I recently traveled to the USA as a consultant for the winery I now represent. The trip was organized by the Consortium of Vino Nobile and was structured around trade shows in Atlanta, Washington, and Chicago. A total of about 15 wineries took part. Some of them were searching for distributors while others were simply confirming their presence. During the session in Chicago, Paul Wagner, a spokesperson for Balzac Communications who arranged the trip, addressed the producers. He said something that still resonates with me today. “If people visit your winery and ask you what other local wineries to visit, don’t speak badly about each other! Promote each other. Help people understand that your area is a great area for wines by promoting other wineries in the area.”
In all truth, the fabric that unites the producers is torn by jealousy, snobbery, and ego. But the more I get to know the wineries in the area – and for me, this trip was valuable for getting to know the people behind the wines, sharing a beer and a laugh in the evenings, and comparing notes – the more I am convinced that Paul Wagner has a point. It really is true that this is a great area for winemaking and wines. We need to work on this from the inside out.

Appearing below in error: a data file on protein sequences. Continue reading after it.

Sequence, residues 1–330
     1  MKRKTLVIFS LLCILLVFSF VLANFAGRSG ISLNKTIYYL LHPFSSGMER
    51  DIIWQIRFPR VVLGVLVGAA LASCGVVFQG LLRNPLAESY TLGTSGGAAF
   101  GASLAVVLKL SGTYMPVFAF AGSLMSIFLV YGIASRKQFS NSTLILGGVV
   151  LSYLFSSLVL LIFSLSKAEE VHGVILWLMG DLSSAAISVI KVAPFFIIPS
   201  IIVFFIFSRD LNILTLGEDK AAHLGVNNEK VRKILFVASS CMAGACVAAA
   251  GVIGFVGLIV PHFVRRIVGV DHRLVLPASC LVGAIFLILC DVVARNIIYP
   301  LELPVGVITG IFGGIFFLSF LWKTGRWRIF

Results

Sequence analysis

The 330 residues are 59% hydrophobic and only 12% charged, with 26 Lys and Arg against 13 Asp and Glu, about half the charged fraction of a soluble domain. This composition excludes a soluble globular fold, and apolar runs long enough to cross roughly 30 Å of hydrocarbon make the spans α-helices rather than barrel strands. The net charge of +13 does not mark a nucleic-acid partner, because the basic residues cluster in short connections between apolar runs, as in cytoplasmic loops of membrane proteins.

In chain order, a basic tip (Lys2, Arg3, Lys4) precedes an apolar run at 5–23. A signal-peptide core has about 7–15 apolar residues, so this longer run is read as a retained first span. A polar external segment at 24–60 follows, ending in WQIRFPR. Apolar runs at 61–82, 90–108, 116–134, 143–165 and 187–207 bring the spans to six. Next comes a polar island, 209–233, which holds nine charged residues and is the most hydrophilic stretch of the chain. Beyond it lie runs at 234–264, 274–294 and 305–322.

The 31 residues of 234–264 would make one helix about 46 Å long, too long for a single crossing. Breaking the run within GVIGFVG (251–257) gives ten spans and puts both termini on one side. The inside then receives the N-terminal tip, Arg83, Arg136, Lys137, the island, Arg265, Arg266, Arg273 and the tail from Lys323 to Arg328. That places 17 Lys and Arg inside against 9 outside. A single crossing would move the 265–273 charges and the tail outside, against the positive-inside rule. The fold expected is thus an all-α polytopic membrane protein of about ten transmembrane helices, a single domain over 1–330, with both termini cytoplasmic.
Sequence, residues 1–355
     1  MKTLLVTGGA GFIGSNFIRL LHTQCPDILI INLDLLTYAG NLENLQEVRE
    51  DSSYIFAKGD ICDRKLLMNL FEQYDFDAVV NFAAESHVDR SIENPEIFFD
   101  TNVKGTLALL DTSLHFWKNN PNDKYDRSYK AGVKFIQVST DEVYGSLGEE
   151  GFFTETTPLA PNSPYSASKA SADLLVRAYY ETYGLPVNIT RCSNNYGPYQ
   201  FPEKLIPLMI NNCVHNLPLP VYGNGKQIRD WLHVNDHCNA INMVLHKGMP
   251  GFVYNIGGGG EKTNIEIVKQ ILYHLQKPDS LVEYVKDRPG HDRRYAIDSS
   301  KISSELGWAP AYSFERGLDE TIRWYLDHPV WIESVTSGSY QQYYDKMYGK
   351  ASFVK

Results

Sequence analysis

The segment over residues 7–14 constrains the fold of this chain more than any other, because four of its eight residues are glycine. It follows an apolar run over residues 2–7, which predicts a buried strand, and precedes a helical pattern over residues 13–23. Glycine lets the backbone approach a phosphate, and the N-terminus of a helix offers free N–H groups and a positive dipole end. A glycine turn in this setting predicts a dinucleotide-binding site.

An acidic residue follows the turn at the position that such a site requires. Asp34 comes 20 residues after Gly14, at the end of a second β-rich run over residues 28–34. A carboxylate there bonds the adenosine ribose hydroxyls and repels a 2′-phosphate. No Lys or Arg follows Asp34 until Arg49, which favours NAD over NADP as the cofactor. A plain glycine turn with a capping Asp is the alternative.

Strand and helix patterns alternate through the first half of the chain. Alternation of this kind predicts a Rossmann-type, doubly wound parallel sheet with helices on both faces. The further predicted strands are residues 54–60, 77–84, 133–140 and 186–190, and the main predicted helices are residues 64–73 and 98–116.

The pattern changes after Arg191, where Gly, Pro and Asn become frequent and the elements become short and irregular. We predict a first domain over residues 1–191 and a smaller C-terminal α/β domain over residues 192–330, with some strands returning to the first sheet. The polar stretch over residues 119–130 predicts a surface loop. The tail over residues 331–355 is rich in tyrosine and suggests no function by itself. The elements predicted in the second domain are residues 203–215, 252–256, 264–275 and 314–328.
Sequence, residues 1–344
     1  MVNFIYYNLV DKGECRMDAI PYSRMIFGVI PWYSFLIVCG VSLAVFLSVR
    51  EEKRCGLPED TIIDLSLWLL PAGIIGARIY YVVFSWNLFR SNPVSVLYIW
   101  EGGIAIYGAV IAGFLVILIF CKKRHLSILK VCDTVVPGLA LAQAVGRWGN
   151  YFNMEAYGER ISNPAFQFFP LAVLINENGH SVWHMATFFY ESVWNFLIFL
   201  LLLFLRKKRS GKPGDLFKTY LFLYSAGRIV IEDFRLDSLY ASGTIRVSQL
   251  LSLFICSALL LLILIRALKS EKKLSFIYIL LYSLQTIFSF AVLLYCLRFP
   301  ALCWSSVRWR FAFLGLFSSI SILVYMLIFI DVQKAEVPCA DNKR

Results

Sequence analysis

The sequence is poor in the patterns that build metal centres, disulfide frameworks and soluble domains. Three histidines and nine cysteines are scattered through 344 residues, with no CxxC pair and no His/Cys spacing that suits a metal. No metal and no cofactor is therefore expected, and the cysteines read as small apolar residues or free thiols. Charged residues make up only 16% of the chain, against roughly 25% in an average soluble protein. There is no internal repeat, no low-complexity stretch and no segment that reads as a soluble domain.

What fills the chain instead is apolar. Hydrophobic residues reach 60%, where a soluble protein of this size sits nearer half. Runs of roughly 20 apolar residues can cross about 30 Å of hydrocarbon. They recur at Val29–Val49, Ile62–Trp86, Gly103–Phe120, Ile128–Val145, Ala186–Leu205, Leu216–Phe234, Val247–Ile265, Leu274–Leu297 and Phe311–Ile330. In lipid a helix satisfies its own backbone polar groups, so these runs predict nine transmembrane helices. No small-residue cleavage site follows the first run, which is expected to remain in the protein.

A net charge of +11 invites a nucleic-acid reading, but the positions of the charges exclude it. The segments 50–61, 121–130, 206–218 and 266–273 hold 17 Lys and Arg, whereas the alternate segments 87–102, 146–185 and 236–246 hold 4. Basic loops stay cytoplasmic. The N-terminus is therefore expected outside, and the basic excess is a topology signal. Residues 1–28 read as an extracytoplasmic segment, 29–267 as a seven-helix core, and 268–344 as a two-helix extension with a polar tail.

“Montepulciano,” vs. “Vino Nobile” – Choice of Words
During the trade show in Atlanta I noticed how the Consortium leader, Silvia Loriga, used the words “Vino Nobile” more frequently than the full title of the wine and especially in situations where the town name would have been a more natural choice. Case in point: “Vino Nobile is divided into four main grape-growing areas,” as opposed to “Montepulciano is divided into…” This careful choice of words, like bunch selection in the vineyard, is a smart way of promoting our main wine. She took away the foreign-ness of the word Montepulciano, and made it easier for people to understand, and pronunce. A smart move.
Recently, there has been a new tendency to use the hashtag #MontepulciAMO. It’s cute. It might work for tourism in the town (especially of Italians) yet it could dilute attention to Vino Nobile. And yet, if this – or any of the suggestions mentioned above – serve to promote our wines, our stories, our terroir, and our labels to customers in the USA, then we will have won at least one of our uphill battles.
(Guest post by Oonagh Stransky: writer, editor, translator of Italian literature, and winery consultant. She lives in Cortona. She can be contacted at firstname.lastname@example.org)